It is told of Francis W. Parker, famous educator, that a mother came to him to talk about putting her six-year-old in school.
“Colonel Parker,” she began, “isn’t it about time we got Ray started in his education?”
“Madam,” he exclaimed, “you cannot mean that you have done nothing about his education all these years! You should have started it the day he was born. Hurry home. Don’t let another hour pass. You are already six years behind.”
Of course, Colonel Parker did not mean that she should have taught the boy to read, to figure, and to spell. The school would do that. Nor did he mean that actually the boy had not been learning from his parents all through the years. He was shocking her into the realization that the home had in fact already set the pattern for much that the child would carry through life. Feelings, attitudes, and habits of thinking, responding, and doing had been formed. Future experiences would of course modify them, but not erase them. Probably this mother had never been told so directly that parents are indeed engaged in a very effective kind of education. Sometimes it is of a not very desirable kind, for home conditions are not always of the best. Children learn quite as much from what they see and sense as from precept.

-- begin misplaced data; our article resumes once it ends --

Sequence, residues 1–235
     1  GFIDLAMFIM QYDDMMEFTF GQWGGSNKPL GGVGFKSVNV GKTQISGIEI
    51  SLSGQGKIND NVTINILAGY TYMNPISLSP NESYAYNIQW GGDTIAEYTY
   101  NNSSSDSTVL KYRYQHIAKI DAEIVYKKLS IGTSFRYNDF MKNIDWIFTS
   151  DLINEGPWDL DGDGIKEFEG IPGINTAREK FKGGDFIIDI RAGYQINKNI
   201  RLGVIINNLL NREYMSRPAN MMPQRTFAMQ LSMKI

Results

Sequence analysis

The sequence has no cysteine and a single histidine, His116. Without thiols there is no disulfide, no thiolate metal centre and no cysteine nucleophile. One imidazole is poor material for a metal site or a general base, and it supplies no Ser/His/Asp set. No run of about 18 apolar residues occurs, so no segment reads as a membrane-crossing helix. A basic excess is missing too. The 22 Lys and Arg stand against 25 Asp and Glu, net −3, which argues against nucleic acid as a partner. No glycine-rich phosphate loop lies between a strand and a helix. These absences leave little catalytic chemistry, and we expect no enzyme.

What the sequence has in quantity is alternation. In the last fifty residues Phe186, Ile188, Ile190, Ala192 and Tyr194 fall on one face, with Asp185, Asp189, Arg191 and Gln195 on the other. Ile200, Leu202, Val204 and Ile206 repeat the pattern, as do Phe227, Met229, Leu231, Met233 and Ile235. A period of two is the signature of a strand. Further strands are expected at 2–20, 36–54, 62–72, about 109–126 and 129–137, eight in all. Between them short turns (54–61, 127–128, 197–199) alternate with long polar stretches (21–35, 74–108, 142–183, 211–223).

Sooner or later your children will be in school. As you read this article you will be thinking about the kinds of education you want them to get there. The education they get in the home will continue. You and the teachers will be partners, each engaged in your special duties, but working together toward the wholesome development of the particular abilities your children possess. (Continue below to page 2) (Continue below to page 2)